Previous: A New Origin Story for Mars's Moons
Next: The InSight Lander Is Going to Mars! Here's Why:



View count:493
Last sync:2018-05-01 19:10
Fermi bubbles are made up of gamma rays, but where they came from is still up for debate. Did they come from a star-forming region, or the black hole at the middle of our galaxy?

For special, curated artifacts of this universe, check out

Hosted by: Caitlin Hofmeister
Support SciShow by becoming a patron on Patreon:
Dooblydoo thanks go to the following Patreon supporters:
Jerry Perez, Lazarus G, Kelly Landrum Jones, Sam Lutfi, Kevin Knupp, Nicholas Smith, D.A. Noe, alexander wadsworth, سلطان الخليفي, Piya Shedden, KatieMarie Magnone, Scott Satovsky Jr, Charles Southerland, Bader AlGhamdi, James Harshaw, Patrick D. Ashmore, Candy, Tim Curwick, charles george, Saul, Mark Terrio-Cameron, Viraansh Bhanushali, Kevin Bealer, Philippe von Bergen, Chris Peters, Justin Lentz
Like SciShow? Want to help support us, and also get things to put on your walls, cover your torso and hold your liquids? Check out our awesome products over at DFTBA Records:
Looking for SciShow elsewhere on the internet?

[♪ INTRO].

If you’ve ever looked up at the night sky from a really dark place, you might’ve seen the narrow band of the Milky Way. Our galaxy is a hundred thousand light-years across, but it looks so thin to you because you’re seeing its disk edge-on, and there’s not much above or below it to light up the sky.

Still, if you happened to have superhuman vision, you might see a totally different picture: two enormous plumes of light, bulging out of the Milky Way’s center. Scientists call these Fermi bubbles. They were discovered less than a decade ago, and they could have a lot to teach us about the center of our galaxy.

That is, if we can figure out where they came from. No matter how hard you try, you can’t see Fermi bubbles normally because they shine not with visible light, but with gamma rays. These rays are the most energetic form of light, and they’re really, really tiny:.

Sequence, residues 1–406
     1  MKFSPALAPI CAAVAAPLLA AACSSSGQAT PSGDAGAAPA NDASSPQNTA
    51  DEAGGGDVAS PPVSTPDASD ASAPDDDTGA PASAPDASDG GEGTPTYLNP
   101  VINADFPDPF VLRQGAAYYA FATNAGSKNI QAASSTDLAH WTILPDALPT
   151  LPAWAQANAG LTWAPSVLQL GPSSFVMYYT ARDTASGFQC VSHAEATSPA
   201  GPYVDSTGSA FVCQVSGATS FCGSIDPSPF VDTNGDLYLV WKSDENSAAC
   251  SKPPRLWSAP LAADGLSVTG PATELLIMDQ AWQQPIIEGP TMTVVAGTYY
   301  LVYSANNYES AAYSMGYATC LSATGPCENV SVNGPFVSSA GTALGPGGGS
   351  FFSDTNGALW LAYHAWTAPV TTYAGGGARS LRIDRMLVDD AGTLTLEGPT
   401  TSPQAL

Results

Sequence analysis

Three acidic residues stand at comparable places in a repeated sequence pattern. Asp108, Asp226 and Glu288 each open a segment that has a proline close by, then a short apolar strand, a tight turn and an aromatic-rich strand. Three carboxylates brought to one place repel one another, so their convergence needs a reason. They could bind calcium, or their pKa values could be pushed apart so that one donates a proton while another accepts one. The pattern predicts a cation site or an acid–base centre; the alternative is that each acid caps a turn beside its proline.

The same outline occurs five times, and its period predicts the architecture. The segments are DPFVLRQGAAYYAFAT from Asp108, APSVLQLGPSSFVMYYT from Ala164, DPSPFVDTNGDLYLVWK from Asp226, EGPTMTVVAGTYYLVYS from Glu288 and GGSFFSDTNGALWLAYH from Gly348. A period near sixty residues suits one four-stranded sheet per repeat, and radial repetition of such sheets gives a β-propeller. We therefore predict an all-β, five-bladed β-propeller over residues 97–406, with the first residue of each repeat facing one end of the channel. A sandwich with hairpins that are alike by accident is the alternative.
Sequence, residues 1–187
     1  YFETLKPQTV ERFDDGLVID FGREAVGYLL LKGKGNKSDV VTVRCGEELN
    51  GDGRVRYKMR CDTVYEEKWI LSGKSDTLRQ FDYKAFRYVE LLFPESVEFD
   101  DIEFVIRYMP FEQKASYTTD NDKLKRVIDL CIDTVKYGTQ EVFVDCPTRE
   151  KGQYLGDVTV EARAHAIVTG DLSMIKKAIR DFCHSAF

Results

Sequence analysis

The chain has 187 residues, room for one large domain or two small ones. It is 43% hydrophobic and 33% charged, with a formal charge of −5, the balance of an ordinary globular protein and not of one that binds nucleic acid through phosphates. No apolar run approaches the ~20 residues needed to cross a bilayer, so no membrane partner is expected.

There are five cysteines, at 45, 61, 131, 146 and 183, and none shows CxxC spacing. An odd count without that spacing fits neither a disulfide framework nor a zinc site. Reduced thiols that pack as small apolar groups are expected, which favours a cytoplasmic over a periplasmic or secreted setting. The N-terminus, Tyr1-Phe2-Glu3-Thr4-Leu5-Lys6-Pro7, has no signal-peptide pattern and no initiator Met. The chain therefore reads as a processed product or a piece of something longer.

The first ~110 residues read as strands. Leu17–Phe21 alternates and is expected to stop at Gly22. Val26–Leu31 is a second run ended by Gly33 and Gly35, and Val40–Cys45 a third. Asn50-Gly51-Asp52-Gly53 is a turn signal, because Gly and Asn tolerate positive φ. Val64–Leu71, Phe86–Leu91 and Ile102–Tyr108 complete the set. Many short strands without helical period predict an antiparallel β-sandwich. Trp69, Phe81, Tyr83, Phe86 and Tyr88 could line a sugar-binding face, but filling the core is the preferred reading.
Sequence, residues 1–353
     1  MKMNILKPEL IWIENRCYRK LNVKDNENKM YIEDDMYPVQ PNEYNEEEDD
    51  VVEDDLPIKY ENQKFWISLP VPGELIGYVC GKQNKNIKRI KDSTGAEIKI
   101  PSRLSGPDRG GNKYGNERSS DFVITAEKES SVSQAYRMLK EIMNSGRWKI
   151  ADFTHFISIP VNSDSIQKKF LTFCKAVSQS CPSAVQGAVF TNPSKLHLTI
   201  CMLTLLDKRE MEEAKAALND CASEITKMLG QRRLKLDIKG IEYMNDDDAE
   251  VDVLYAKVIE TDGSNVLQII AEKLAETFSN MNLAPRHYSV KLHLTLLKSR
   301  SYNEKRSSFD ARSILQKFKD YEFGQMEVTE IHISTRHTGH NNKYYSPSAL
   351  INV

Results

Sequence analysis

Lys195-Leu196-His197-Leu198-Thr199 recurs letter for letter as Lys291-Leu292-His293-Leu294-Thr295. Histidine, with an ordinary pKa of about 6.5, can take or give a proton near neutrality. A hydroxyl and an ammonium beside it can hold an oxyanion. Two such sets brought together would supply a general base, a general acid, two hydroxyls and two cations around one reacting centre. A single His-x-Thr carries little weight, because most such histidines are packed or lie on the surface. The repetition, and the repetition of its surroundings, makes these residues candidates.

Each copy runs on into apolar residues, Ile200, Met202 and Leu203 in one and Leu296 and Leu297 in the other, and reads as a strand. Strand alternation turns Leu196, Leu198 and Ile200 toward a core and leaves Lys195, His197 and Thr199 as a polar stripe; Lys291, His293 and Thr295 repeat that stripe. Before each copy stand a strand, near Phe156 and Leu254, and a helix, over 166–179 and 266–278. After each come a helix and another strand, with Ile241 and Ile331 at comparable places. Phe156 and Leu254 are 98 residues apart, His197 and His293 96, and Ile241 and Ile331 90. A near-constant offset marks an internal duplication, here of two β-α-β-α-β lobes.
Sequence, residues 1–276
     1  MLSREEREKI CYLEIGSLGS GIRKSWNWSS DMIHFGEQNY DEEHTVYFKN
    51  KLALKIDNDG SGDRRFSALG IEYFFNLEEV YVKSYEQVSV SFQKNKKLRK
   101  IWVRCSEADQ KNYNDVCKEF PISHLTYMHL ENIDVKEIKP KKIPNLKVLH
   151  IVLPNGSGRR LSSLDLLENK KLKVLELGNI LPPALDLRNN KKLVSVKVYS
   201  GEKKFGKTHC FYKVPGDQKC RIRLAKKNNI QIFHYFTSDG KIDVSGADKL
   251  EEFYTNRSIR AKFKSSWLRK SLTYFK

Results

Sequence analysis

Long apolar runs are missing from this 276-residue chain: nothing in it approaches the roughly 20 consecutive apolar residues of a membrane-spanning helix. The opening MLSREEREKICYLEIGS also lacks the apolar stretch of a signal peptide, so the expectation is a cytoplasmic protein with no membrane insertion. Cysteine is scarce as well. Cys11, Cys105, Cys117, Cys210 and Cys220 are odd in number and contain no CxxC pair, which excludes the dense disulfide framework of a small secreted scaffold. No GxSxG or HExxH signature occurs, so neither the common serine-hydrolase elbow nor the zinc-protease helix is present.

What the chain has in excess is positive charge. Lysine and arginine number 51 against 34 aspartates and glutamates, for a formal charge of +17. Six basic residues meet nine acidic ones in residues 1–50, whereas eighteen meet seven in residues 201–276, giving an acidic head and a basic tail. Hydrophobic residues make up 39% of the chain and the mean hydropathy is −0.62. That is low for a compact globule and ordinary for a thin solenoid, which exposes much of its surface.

Powerful ones can have a wavelength a million times smaller than what your eyes can detect. So unless you happen to have a gamma-ray telescope, there’s no hope for you sky watchers. Fortunately, though, NASA has just the right equipment.

Gamma rays are really common throughout the universe, and NASA studies them using the. Fermi Gamma-ray Space Telescope, which has been orbiting the Earth since 2008. Still, even once the telescope was launched, it took another two years for scientists to notice the Fermi bubbles.

That’s because, in space, gamma rays are so common that they create a sort of “fog”. It comes from sources like supernovas and black holes all over the universe, and it’s so permeating that it concealed the bubbles for a while. They were only found in 2010, when researchers working on another investigation just happened to be filtering out noise from the fog.

But now that we know where to look, they’re kinda hard to miss. Each stretches more than 25,000 light-years across space, blossoming out of the galaxy’s very center. For comparison, the Milky Way’s disk is only about 1,000 light-years tall.

So these things are enormous. Even though they’re often described as “gamma ray bubbles,” it’s worth noting that the bubbles aren’t actually made of light. After all, light normally travels in straight lines.